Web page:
“What nobler employment, or more valuable to the state, than that of the man who instructs the rising generation?”
— Marcus Tullius Cicero, over 2,000 years ago
In chatting with my kids a few years ago, we were talking about growing up in a paddling family. Some of the things we discussed were:
• How it was always easy to find our cars in parking lots. If you forgot you didn’t have a boat on top of the vehicle, it was confusing.
• They were puzzled by people who actually parked their cars inside their garages.
• They thought it was normal to have learned how to paddle before they could ride a bicycle.
• Their first word they learned to speak wasn’t “paddle,” but it was among their first hundred words for sure.
• Storing a kayak in the living room was normal as a graduate student.
• They learned they could sleep in a kayak with a blanket and a stack of books.
• Daddy dressed like a mudslide. Everything I wore was brown, green or brown-green. Grey was considered a stretch, referred to as “paddler camo.”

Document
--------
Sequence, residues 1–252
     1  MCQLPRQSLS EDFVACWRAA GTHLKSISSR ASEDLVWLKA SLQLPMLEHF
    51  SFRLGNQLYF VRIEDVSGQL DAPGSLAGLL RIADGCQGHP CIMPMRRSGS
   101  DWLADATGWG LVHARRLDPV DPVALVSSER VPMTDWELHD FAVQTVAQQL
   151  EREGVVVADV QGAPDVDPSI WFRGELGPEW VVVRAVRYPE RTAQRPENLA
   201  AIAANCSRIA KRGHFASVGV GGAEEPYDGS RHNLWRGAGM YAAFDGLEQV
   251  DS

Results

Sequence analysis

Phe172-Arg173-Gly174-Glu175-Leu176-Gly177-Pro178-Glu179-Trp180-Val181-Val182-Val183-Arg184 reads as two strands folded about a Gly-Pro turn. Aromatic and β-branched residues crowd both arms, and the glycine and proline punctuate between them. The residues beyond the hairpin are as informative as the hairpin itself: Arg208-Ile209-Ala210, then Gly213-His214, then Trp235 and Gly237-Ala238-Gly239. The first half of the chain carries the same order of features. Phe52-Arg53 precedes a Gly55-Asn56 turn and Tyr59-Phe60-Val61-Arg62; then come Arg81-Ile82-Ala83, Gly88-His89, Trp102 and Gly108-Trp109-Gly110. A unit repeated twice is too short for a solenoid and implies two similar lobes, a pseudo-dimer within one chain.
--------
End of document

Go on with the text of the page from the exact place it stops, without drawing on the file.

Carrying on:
• They were happy about all of this and couldn’t imagine a different or better childhood.
Now I am fortunate, nay, blessed to have two of the greatest kids ever born on the face of the earth. They loved being outdoors from day one. As toddlers they asked for “some outside” like they asked for a cookie. So we dragged them all over creation, paddling in all sorts of crafts in all sorts of places. If it weren’t for that pesky job, we would have been nomads. My son is soon to be married to a woman who grew up outside too. Their kids are doomed to be happy.
Truly responsible parenting
My friend, Scott, took his four-year-old son on a weekend river trip a few years ago. It was the Petawawa River outside Algonquin Provincial Park in Eastern Ontario, a nice river with Class I to Class III rapids. They portaged around the big stuff, but Scott still took a raft of criticism from helicopter parents who deemed him irresponsible for subjecting his son to the dangers of wilderness river travel.